Jyoti's little plan has worked. From my balcony I watch them giggling together as they go from apartment to apartment cleaning and swabbing the floor and cooking for some families. It makes me happy to see that all is well with them. i feel upbeat about the fact that friendship between at least two human beings in the city holds far more value than religion.
There are other stories. I tell of times when the sigh of a lover was able to light up lamps in the city. You will come across stories from days when more trees had lined the streets than fake Victorian lamps. Like in most stories, there is a hero in this book as well. The hero is the citizen. The hero is Naresh the rickshawala –or would you rather call him nautankibaaz? It is the sadhu on the street, the vegetables vendor, the milkman and the newspaper boy. Tell me if you think Bano Bua, the bully, is the lead character in this book, or if it is the temperamental Tamboli Begum. What about lovable Jamila Jan ? can someone who finds mention in one important part of the story be considered a heroine as well? Perhaps that solitary figure manning the last carriage still drawn by a horse in town is heroic, too? You decide.
And if the hero is here and all the leading ladies are here, can the villian be far behind? The villian has to be the one who stands in the way of social harmony. The villian has to be the negative energy that prevents human beings from indulging in great values like love, grace, togetherness, selflessness and humility.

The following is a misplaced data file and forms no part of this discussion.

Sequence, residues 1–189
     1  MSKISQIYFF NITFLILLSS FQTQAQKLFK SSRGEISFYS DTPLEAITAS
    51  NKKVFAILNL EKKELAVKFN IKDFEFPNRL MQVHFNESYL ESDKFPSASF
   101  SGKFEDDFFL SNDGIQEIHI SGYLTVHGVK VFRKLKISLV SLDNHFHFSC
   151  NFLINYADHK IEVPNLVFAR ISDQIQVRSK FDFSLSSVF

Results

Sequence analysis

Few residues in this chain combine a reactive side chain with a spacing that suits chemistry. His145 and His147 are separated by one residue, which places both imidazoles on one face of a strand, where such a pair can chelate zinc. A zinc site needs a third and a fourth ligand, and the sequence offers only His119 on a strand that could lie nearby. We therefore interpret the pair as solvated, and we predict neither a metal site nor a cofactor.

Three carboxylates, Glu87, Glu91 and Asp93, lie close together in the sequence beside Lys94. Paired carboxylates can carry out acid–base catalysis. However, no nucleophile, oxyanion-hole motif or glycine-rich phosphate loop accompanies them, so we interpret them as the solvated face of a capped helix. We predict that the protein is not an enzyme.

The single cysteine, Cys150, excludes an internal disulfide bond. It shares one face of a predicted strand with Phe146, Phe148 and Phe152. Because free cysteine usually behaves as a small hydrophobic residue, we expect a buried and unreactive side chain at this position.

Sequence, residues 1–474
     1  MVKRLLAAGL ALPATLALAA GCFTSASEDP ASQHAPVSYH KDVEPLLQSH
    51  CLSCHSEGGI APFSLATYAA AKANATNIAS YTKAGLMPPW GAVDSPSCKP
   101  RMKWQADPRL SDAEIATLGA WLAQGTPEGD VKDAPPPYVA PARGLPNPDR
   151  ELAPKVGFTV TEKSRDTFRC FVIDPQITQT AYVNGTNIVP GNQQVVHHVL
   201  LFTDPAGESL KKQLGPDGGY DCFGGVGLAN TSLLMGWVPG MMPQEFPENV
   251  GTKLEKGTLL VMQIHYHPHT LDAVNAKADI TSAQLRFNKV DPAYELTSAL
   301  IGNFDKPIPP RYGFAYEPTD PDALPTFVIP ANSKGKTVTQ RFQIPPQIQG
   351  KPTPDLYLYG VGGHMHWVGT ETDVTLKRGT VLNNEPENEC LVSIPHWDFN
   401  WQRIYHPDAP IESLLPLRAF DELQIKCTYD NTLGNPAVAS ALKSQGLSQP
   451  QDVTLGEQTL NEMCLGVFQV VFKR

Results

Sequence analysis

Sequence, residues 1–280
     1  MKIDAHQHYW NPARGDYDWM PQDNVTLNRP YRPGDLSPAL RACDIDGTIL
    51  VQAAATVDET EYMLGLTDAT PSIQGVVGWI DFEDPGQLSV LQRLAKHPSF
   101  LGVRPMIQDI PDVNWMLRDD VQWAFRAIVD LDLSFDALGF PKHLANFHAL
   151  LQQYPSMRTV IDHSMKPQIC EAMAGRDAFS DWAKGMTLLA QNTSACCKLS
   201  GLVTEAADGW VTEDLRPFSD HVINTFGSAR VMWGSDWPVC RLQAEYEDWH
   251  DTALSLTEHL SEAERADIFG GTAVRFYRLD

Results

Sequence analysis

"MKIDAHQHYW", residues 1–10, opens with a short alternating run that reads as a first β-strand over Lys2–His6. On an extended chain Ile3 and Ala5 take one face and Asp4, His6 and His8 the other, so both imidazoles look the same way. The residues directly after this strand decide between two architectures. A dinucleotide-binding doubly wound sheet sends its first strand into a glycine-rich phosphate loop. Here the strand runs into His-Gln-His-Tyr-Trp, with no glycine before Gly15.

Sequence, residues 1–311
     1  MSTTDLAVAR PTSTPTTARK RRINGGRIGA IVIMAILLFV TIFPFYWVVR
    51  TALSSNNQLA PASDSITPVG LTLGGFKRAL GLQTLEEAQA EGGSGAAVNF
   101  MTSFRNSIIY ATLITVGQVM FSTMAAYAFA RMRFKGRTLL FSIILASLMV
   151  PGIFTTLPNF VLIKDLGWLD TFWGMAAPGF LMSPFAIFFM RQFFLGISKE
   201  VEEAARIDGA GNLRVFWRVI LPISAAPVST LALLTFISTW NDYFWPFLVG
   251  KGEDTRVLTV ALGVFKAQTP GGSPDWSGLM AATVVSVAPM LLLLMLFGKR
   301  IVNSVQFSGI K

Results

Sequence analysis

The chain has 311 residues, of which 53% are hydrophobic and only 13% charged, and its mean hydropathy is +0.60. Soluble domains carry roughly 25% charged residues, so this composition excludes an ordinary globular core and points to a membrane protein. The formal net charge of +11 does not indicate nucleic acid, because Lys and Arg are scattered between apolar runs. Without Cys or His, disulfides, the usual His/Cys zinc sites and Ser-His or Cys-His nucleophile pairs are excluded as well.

The many characters in the book are assembled from different recesses of the region, from its imaginary past to records preserved in archives and in history books. Portraits have been pulled out from the present in the hope that the varied experiences of others may help us to find a clue or two on how to treat other human beings with more respect in the future.
The stories are inspired by local heroes and villians in Avadh, a corner of the country that has been unique since prehistoric times. I am sure that extraordinary cultures exist in others parts of the world, too, but my world is Avadh. It is this world and the people who live here that I am most familier with, whose stories I know best and am eager to share with you.
Avadh is the ancient name of the present –day territory of Uttar Pradesh, of which Lucknow is the state capital. Avadh is unique, because different people in different times and in their own way have been trying for centuries to teach themselves to deal with other human beings a little more gently.
Avadh is just another way of pronouncing Ayodhya by people of Persian origin, who come here as warriors and economic migrants. Ayodhya was once the imperial capital of Rama, the god –king. Rama was so beloved of the people he ruled that, over time, he was elevated to one of the many reincarnatios of Vishnu. Before Ayodhya, the city was called Saket, which means "paradise" , and it is here that the Buddha had meditated most intentsly.
Mehru Jaffer is a Lucknow –based journalist. She is an editor –at –large for the Citizen, an independent online daily news portal, and the author of The Book of Muhammed, The Book of Muinuddin Chishti and The Book of Nizamudin Auliya.
At the University of Vienna, she has taught Islam in South Asia at the Department of South Asian, Tibetan and Buddhist Studies, and Gender and Religion in India at the Department of Social and Cultural Anthropology.